Book Review – Eddie Would Go

By: Randolph Giudice
Oahu Island News

It’s not hard to run into Eddie Aikau these days. From the famous image of Eddie cruising a big wave across the face of a Bank of America check, to the Internet tributes, clothing lines, and Quiksilver’s surfing competition in his honor, Eddie is everywhere. Now you can finally get the full story about Hawaii’s undisputed “King of Waimea Bay” in Stuart Holmes Coleman’s memorable portrait, Eddie Would Go.

“Gentle on land, but fearless on the water”, Eddie Aikau was one of Hawaii’s legendary surfers, and in the hands of Coleman his story reads like a myth sprung to life. During his early days living with his family beside the grounds of a Chinese graveyard in Pauoa Valley, Eddie quickly fell in love with his ancestral pasttime. Graduating from pai-po-board to “elephant gun”, it wasn’t long before he built a reputation as an unstoppable big-wave rider. Massive sets that would drive seasoned surfers back to shore were towering invitations that Aikau rarely passed up. As the first official lifeguard of Waimea Bay, Eddie made almost impossible rescues under severe weather conditions. Utterly fearless on the big waves, a hotdog when necessary – just watch his winning performance in the 1977 Duke Classic – Aikau was a natural waterman who had a profound respect for the ocean.

In the seventies, surfers were descending on Hawaii from all over the world, eager to shred the smaller sets at the South Shore, or pit themselves against the thundering power of Waimea Bay. Some surfers, while bringing a new competitive edge and frenetic style to the sport, also brought tough words for the resident wave-sliders. But while others got caught up in the local tension, Aikau became a spiritual role model for both factions, a natural philosopher who believed in both the heritage of his people and making room for others. If Eddie was the unofficial ambassador of surfing, the Aikau clan was the first family of aloha. Parties always lit up the Aikau compound, and many visitors to the island were taken in by the loving family and treated with Hawaiian hospitality.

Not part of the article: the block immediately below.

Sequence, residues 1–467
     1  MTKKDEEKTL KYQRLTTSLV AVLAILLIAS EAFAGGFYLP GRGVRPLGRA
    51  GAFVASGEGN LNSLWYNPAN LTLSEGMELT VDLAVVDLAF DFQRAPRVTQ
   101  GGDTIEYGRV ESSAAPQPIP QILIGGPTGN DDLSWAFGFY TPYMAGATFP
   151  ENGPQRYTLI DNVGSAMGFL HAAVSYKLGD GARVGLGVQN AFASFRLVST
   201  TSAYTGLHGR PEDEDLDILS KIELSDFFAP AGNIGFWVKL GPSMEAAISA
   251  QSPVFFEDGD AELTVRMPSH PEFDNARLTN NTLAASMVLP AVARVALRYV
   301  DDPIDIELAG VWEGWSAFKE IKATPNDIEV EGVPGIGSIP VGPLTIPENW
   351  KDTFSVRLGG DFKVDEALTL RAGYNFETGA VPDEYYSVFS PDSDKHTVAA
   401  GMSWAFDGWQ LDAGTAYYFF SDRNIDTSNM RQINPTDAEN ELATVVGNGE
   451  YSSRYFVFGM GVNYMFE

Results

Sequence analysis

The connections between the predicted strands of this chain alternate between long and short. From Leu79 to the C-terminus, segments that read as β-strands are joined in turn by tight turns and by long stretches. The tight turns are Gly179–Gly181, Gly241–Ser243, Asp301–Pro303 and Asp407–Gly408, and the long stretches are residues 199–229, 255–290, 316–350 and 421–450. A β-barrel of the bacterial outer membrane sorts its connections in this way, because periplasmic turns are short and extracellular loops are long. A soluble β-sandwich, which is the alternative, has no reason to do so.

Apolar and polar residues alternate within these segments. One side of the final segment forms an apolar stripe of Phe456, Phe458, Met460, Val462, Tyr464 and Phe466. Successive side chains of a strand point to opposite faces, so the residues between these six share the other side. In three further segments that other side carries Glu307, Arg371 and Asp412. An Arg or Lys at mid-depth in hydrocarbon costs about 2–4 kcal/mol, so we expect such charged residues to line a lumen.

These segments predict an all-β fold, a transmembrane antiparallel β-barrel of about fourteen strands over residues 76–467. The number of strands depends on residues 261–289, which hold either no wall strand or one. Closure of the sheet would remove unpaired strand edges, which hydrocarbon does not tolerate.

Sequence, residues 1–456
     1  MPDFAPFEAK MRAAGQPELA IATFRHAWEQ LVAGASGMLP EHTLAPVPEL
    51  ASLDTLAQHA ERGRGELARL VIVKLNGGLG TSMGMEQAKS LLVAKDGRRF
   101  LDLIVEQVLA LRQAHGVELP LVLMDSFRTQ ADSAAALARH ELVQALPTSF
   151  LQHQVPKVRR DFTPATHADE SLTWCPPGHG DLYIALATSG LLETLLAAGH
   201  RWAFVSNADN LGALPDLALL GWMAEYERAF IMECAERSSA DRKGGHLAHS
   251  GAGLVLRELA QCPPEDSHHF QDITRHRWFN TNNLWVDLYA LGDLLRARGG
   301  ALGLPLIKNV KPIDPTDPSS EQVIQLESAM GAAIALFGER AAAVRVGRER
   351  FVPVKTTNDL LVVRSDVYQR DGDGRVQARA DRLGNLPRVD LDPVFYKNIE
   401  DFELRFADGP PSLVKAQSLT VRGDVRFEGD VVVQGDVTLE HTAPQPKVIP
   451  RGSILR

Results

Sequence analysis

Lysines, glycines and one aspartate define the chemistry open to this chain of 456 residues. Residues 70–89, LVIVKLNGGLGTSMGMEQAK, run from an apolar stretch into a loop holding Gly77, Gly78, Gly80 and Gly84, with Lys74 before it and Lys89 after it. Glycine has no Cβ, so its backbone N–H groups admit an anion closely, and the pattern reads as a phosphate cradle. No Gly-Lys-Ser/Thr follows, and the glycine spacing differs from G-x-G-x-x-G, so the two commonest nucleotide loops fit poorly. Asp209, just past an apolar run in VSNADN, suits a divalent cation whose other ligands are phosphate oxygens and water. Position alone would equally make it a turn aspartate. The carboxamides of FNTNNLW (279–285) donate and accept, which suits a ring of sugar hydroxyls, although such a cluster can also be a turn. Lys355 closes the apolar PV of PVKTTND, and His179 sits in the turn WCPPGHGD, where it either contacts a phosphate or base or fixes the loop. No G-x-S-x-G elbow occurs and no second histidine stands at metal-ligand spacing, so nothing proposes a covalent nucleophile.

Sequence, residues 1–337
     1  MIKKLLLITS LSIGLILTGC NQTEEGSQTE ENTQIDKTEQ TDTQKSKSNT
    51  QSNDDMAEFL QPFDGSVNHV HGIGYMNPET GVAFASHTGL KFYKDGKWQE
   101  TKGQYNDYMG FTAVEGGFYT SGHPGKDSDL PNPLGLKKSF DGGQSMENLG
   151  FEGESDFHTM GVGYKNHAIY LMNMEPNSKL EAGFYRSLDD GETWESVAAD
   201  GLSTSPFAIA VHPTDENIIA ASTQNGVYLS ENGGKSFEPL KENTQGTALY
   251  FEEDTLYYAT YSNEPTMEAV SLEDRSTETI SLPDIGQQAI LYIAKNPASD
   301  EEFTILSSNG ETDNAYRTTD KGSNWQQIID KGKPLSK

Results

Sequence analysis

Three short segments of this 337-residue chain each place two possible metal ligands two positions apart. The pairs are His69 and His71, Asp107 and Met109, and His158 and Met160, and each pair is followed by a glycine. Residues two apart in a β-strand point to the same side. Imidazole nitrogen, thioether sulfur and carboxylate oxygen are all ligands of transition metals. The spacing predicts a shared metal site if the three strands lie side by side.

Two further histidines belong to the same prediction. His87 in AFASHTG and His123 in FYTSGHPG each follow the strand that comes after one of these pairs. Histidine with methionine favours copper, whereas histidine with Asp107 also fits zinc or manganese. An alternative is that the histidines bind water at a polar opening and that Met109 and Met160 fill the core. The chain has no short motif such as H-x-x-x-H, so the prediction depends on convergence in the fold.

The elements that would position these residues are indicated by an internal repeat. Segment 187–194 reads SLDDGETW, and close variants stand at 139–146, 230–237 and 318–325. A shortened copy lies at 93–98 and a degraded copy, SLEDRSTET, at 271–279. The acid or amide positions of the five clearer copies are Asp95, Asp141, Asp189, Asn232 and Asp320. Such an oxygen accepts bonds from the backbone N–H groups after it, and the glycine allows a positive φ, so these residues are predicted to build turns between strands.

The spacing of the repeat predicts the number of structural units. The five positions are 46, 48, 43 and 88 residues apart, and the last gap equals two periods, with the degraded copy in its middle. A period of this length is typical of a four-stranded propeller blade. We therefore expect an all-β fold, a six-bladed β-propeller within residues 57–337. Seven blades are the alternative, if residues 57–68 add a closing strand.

Eddie believed strongly in the Hawaiian adage, “Never turn your back on the ocean”, but his years as a lifeguard taught him to help those in danger. The latter sentiment would win out and prematurely end his life at the age of thirty-three when he attempted to bring help to his stranded crew-mates on the capsized sailing canoe, Hokulea. Eddie Aikau was lost at sea on March 16, 1978.

A lifelong surfer himself, Stuart Holmes Coleman vividly captures the power and the glory of Hawaii’s “outdoor cathedral”, from Eddie’s assault on the waves at Waimea Bay in 1967, to the wipe-outs, victories and unforgettable moments that shaped the lives of the “majestic aristocracy” of surfing. A tale both heartfelt and inspiring, Eddie Would Go isn’t just for surfers. It should be required reading for those of us who are determined to live a good life.

Eddie Would Go, by Stuart Holmes Coleman
Mind Raising Press, 271 pgs.